While we’re yet to find out how much Facebook spent on rectifying the problem, Mark Zuckerberg’s personal wealth went down by $6 billion while Facebook’s shares fell by 4.5%.
In today’s edition:
Paga partnership to digitise payments
Zoom abandons biggest tech deal of the year
Triggerfish’s offerings for African animators
What’s that saying about letting the cat out of the bag?
Well, whatever it is, it’s out and happening in Kenya and coming soon to other African countries near you.
The largest financial data leak has just happened and it’s exposing the secrets of the elite in Africa, most notably the first family of Kenya.
Tell me what’s going on
Can you keep a secret? No worries, the Pandora Papers doesn’t require you to.
The Pandora Papers is a 2.9TB (yes, terabyte!) data collection that exposes the offshore secrets of wealthy elite from more than 200 countries and territories. These files take a deep dive into the finances of politicians, celebrities, religious leaders, billionaires, and even the occasional notorious criminal, most of whom are hiding funds and evading taxes in offshore accounts.
Whoa, how can I be sure it’s legit?
Well, the papers are based on a leak of confidential records of 14 offshore service providers that give professional services to wealthy individuals and corporations seeking to incorporate shell companies, trusts, foundations, and other entities in low- or no-tax jurisdictions.
In the past year, over 600 journalists from 117 countries have pored over the Papers, analysing and researching the data in it to make sure it’s accurate.
It’s also important to know that this isn’t the first time such a huge leak is happening. In 2016, there was a 2.6TB leak called the Panama Papers, and a 1.4 TB leak in 2017 called the Paradise Papers.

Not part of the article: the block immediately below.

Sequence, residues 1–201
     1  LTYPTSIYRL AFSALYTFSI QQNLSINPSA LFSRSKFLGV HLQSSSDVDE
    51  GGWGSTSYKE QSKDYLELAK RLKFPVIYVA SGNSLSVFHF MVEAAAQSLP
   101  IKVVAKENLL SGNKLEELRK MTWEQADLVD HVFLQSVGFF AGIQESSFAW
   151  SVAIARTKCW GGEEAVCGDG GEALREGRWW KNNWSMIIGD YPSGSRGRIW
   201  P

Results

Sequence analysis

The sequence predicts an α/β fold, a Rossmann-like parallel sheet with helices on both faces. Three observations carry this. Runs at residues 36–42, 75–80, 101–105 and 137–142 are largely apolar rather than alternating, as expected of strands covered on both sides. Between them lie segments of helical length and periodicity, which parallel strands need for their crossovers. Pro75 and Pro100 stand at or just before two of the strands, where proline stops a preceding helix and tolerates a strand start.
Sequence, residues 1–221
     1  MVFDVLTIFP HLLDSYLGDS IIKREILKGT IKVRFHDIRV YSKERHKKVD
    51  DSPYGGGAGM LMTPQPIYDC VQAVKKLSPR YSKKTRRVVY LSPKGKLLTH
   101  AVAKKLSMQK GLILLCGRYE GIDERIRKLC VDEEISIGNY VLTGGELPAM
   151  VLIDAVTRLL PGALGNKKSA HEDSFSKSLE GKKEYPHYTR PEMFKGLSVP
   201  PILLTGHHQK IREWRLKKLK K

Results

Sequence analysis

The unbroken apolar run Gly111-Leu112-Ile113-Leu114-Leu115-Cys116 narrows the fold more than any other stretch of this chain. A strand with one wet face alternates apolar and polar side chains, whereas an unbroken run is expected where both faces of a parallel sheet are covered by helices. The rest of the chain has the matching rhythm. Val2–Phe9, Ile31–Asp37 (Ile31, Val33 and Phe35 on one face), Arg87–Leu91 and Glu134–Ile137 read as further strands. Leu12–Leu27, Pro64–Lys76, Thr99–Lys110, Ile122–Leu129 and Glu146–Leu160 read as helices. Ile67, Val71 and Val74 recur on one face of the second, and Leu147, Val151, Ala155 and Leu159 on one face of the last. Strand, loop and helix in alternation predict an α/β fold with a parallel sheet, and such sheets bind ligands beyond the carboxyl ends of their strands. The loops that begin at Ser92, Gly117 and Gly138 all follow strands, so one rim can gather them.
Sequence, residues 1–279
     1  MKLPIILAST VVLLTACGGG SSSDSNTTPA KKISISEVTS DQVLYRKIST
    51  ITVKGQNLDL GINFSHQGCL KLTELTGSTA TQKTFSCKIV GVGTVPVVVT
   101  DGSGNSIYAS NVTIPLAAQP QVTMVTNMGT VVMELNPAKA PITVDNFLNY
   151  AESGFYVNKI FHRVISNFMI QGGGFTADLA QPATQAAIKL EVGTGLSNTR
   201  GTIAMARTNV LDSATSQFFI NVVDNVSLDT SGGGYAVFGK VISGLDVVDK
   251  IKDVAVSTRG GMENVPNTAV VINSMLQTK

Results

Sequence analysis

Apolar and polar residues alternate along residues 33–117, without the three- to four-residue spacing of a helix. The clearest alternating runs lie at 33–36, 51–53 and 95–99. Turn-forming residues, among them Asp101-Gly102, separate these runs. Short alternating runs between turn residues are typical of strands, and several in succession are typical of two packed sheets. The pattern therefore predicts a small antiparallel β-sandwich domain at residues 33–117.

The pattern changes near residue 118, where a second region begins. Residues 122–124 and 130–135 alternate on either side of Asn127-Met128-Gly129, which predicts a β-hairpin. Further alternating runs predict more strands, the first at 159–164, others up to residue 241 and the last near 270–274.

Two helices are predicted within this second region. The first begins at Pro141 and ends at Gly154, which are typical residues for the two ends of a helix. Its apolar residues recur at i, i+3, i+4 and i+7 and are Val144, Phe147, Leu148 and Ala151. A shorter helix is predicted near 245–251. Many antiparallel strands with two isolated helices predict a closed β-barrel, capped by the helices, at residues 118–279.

So what’s happening in Kenyatta?
About 35 world leaders have been exposed in the recent installment to these leaks, including Gabon’s President Ali Bongo Ondimba; President of Congo-Brazzaville, Denis Sassou-Nguesso; King Abdullah II of Jordan; and former UK Prime Minister Tony Blair.
For Kenya, the papers revealed that the family of Kenya’s president, Uhuru Kenyatta, has for many years secretly owned a web of offshore companies in Panama, the British Virgin Islands, and other tax havens.
This, of course, is coming three years after President Kenyatta told the BBC – while stating his intention to fight corruption and promote transparency – that his family’s wealth was known to the public, and that he had declared his assets, as required by law.
Paga, a Nigeria-based mobile payment company, has partnered with investment firm, Untapped Global, to help small businesses and merchants digitise their payments.
With POS devices.
POS payments increased from 34 million in 2015 to 438 million in 2019, a 1118% increase in four years, and Paga is moving to contribute to this growth. The company has been at the forefront of payment solutions in Nigeria, offering financial services to 17 million unique users and processing over $8 billion worth of transactions.
Now, Paga’s POS devices will make it easier for small business owners to get paid while providing other value-added services to their customers. Businesses will be able to accept cards, mobile payments, and other forms of digital payments; and the interesting thing is, they don’t even have to pay for the devices upfront.
It’s a buy-now-pay-later system for SMEs that want to offer digital payments to their customers.
The financing, provided via Untapped Global, is structured to lower the overall cost of entry for merchants to acquire handheld POS terminals, with payments recovered from the revenues earned on the devices.
Tested and trusted
Paga has tried this before.
Earlier this year, it ran a successful pilot programme, which saw 2,000 business owners provided with financed POS devices. It’s based on this success that Paga and Untapped Global have, according to Paga founder and Group CEO Tayo Oviosu, decided to scale their partnership.